By Michael Nickerson
Who knew it was so simple? There you are, a veteran living on the street, or perhaps a veteran about to commit suicide. Maybe it hasn’t gotten that far. Maybe you’re just couch surfing, or borrowing from family while you wait for your benefits to finally come in. Or you’re still transitioning out of the service and wondering how it will all play out. Well, silly you. No need to worry. No need to fuss. And certainly no need to complain. Just put up your hand (assuming you still have one) and ask for help. For help my dear veteran, you shall receive.
But hey, don’t take my word for it. Take new (deep breath needed here) Minister of Veterans Affairs and Associate Minister of National Defence Seamus O’Regan’s word for it. In a recent interview with the CBC, the freshly minted minister with the 10-word, 62-character job title was like any new kid on the job: effusive, optimistic, with lots to learn but ready to roll up his sleeves and get to work. And he had a message for the military veterans for whom he is now responsible, one that he repeated twice for emphasis: “If you need help, put up your hand and we will get you help.”
Well that sure simplifies things, doesn’t it? No multiple applications, reviews, legal battles, embarrassing interviews or long trips to the nearest Veterans Affairs Canada (VAC) office somewhere in the next time zone. Wave a hand like you’re in grade school, and teacher O’Regan will give you a hall pass to the Promised Land.
Inspiring stuff that. And there is no shortage of people wanting to be inspired. Initial reaction to O’Regan’s promotion ranged from faith that a boy with some salt in his veins would understand the plight of veterans (who more often than not come from the east coast), to the simple fact that he’s buds with the prime minister. And let’s face it, he always seemed trustworthy on morning television, so how can things go anywhere but up?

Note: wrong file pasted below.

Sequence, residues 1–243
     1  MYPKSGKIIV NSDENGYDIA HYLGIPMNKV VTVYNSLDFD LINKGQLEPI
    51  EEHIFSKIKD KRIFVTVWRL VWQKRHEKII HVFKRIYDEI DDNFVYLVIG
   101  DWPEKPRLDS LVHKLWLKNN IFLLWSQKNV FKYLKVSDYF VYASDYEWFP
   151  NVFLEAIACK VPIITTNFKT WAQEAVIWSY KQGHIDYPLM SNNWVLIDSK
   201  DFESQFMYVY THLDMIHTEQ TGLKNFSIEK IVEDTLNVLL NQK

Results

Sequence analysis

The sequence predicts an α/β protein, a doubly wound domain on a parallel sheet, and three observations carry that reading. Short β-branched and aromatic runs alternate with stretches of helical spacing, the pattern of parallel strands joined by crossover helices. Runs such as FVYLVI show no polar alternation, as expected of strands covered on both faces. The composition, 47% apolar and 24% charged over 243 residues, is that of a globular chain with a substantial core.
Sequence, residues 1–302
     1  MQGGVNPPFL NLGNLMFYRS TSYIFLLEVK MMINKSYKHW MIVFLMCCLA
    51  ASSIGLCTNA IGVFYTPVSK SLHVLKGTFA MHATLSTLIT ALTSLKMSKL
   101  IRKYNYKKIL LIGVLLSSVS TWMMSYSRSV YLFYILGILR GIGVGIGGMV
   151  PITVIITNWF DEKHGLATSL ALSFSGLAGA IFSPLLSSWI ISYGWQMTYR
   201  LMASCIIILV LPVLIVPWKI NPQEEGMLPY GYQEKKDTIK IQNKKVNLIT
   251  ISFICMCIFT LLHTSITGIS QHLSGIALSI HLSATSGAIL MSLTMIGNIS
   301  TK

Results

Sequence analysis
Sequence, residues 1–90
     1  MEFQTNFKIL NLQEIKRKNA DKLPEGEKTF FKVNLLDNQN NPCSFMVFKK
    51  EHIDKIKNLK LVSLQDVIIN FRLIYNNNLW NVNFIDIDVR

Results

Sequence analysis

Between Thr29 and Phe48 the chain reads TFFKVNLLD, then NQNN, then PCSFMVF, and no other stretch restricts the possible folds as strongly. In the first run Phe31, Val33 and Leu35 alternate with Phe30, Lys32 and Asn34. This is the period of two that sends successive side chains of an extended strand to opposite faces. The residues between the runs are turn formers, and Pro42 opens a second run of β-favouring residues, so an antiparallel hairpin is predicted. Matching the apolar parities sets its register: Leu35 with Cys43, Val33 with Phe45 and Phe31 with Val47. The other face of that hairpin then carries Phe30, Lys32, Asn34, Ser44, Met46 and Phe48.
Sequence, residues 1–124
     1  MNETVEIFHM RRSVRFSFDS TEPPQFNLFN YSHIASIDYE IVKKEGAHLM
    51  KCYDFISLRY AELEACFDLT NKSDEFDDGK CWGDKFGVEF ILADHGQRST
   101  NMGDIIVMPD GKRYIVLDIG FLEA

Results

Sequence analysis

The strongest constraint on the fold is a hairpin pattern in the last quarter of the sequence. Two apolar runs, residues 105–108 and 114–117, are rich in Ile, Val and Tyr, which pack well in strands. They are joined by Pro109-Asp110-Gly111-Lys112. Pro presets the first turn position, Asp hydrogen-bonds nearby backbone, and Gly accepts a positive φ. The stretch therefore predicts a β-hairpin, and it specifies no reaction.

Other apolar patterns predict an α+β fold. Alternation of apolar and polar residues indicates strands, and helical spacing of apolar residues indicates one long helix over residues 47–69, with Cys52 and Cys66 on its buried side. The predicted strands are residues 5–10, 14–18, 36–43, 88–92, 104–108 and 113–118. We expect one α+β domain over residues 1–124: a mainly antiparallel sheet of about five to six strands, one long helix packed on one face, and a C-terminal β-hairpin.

As a quick refresher, Team Justin™ got itself elected, in part, on the promise that things would be different for Canada’s military veterans. The Harper Government™ used and abused you, but we will make things right, or so the narrative went.
First and foremost was a promise to restore lifetime pensions for wounded veterans instead of lump-sum payments instituted under the New Veterans Charter. That promise was made in 2015.
Fast forward two years and you would be hard-pressed to see which way is up, down, or just about anywhere worth planning on. Much has been made of the re-opening of nine VAC offices in the last year, though a year behind schedule. But the number of outstanding cases has risen and caseloads for overstretched front-line staff have not decreased.
A “strategy” to deal with veteran homelessness might be presented this fall (never mind actually doing something about it).
And the big promise, namely a return to lifetime pensions for injured veterans, is at best something that might be dealt with by the end of this year (though it’s not clear whether that’s the calendar year versus the fiscal year, the latter ending in March 2018).
Worrisome still is the fact that the new minister with the long job title but little experience has no idea what is happening with the single most important issue of his ministry. Asked if he knew whether the lump-sum policy would be replaced and what it would look like, he said he didn’t know but he’d be the one presenting the details by year’s end, or so he says he was told.
Now, if I’m a veteran, I’m getting a little concerned about this put-up-my-hands-and-get-help thing. New on the job or not, the new minister in charge has no idea where things stand. He will wait to be told from on high what to say and do; all indications are he will be a mouthpiece, a seasoned emcee of some future presentation to be scheduled later.
Veterans are suffering. Veterans are dying. Veterans have been betrayed. So let’s have a show of hands … how many think there will be any change?